The top left corner is 0:0, this is the same as in the clip region, right?
Or is it that the lower left is 0:0 when it comes to clip regions?
I always thought it was the top left, since all the other window coordinate things that I have done is this as well (same screen coordinates, I mean hardware wise here).


I've tried what you suggested, and negating nY is making it worse.

But deducting scissor[1] from nY made the blue box clip correctly.
Just not the green box.


My ?: is correct, as far as I saw it, since the clip region should only get smaller.

The X value of the clip region should either get larger or stay the same.
The Y value of the clip region should either get larger or stay the same.
The W value of the clip region should either get smaller or stay the same.
The H value of the clip region should either get smaller or stay the same.

This results for the X value:
if clipregion.x > nX then
Use clipregion.x
else
Use nX
if clipregion.y > nY then
Use clipregion.y
else
Use nY
if clipregion.w < nW then
Use clipregion.w
else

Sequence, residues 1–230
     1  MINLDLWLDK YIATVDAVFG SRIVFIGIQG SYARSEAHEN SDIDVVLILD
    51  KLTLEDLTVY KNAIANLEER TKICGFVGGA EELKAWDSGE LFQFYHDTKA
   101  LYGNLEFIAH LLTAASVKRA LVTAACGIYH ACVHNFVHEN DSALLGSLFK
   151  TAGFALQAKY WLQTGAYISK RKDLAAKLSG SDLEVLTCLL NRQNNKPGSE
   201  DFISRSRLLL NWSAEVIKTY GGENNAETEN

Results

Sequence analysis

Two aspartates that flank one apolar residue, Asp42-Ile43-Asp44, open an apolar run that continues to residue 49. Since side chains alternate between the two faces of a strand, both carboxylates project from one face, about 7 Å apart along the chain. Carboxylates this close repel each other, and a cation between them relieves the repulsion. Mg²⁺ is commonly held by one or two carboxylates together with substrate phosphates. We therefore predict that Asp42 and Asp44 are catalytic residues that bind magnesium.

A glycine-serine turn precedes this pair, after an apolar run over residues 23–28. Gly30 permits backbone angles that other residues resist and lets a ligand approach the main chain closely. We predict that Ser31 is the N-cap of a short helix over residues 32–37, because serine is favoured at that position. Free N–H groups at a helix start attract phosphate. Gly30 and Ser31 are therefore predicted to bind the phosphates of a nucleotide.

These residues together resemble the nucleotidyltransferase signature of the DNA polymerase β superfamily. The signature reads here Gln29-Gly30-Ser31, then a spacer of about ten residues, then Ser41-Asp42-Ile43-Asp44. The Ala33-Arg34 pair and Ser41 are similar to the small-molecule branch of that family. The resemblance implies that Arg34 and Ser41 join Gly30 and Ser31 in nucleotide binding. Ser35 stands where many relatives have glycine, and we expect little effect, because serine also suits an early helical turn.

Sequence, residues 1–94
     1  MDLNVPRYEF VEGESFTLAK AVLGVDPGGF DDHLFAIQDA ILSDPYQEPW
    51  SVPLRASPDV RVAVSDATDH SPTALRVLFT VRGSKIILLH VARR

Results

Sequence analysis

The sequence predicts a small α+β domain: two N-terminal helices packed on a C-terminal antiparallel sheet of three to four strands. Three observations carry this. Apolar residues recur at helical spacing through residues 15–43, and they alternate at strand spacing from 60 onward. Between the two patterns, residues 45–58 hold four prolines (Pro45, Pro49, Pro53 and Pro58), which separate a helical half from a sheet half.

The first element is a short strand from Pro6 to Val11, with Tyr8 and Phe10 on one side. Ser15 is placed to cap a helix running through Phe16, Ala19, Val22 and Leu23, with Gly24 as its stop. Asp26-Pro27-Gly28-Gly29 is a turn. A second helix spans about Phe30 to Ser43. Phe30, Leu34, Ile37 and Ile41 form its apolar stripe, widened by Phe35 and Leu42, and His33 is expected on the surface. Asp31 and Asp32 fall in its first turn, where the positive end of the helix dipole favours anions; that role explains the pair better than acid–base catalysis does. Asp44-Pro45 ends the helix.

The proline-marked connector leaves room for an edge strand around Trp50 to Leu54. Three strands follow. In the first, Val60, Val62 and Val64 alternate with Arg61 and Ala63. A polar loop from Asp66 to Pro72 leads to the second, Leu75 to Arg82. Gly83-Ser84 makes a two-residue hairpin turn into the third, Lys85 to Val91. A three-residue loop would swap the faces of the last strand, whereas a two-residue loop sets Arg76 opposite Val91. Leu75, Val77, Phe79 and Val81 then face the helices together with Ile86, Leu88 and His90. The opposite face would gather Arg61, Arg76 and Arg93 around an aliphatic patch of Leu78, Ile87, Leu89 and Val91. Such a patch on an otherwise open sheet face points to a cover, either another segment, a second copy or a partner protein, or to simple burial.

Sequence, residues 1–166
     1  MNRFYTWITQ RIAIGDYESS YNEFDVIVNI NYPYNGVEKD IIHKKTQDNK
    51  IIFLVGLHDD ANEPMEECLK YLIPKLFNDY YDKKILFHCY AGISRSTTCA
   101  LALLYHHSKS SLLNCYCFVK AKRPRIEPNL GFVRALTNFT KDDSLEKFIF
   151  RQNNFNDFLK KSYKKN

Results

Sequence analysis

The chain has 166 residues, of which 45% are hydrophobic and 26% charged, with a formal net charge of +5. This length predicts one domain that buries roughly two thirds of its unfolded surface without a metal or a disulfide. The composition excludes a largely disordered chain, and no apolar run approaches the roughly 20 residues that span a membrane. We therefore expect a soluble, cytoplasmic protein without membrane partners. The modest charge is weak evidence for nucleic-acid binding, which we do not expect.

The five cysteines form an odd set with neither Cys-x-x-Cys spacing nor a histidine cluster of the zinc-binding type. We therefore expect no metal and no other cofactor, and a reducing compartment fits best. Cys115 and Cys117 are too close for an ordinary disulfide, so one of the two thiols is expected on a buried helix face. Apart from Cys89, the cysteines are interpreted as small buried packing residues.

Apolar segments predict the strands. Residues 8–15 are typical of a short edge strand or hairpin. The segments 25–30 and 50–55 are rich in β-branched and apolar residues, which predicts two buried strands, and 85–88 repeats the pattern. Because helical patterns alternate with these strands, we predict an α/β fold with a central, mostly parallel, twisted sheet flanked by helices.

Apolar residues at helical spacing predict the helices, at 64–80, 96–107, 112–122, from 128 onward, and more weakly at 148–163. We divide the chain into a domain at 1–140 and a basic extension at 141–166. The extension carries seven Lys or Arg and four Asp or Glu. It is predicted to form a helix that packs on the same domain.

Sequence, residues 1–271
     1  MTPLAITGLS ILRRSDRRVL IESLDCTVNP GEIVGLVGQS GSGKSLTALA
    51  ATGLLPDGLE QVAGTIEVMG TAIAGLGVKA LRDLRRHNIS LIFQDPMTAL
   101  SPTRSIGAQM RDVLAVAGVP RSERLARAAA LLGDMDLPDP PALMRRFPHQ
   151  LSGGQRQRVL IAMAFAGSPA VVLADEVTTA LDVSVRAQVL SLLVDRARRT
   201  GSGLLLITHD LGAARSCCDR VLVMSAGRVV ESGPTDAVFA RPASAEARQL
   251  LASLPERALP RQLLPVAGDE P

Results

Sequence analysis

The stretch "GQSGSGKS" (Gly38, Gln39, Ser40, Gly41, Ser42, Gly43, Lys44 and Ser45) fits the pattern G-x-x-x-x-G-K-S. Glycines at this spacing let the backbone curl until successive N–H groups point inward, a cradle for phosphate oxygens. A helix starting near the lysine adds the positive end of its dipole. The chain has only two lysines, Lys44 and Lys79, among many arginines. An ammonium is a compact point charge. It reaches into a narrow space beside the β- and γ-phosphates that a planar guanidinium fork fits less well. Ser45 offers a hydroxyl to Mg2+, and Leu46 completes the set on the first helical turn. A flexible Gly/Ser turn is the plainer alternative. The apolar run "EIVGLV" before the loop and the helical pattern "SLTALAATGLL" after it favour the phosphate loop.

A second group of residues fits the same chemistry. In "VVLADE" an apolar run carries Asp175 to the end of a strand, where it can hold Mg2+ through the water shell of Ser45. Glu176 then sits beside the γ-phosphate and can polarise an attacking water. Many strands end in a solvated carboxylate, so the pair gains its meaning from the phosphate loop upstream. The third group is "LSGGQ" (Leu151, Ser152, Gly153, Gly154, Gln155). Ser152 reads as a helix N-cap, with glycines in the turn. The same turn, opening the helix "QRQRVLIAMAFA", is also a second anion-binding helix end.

Use nW
if clipregion.h < nh then
Use clipregion.h
else
Use nH

Or am I missing here something?


I'll try and see if glScissor is looking from the lower left instead of the (by me) expected upper left.

#4 Bezben   Members   -  Reputation: 202

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Posted 14 December 2005 - 06:16 AM

I use the top left corner as my origin, and I use glScissor to clip my gui to good effect.

I start work in 2d from that origin with:

void OpenGL::_orthoStart( void )
{
glDisable(GL_DEPTH_TEST); // Disables Depth Testing
glMatrixMode(GL_PROJECTION); // Select The Projection Matrix
glPushMatrix(); // Store The Projection Matrix
glLoadIdentity(); // Reset The Projection Matrix

int vPort[4];
glGetIntegerv(GL_VIEWPORT, vPort);
glOrtho(0, vPort[2], vPort[3], 0, -1, 1);

glMatrixMode(GL_MODELVIEW); // Select The Modelview Matrix
glPushMatrix(); // Store The Modelview Matrix
glLoadIdentity(); // Reset The Modelview Matrix
}



And I change back with:

void OpenGL::_orthoEnd( void )
{
glPopAttrib(); // Pops The Display List Bits
glMatrixMode(GL_PROJECTION); // Select The Projection Matrix
glPopMatrix(); // Restore The Old Projection Matrix
glMatrixMode(GL_MODELVIEW); // Select The Modelview Matrix
glPopMatrix(); // Restore The Old Projection Matrix
glEnable(GL_DEPTH_TEST); // Enables Depth Testing
}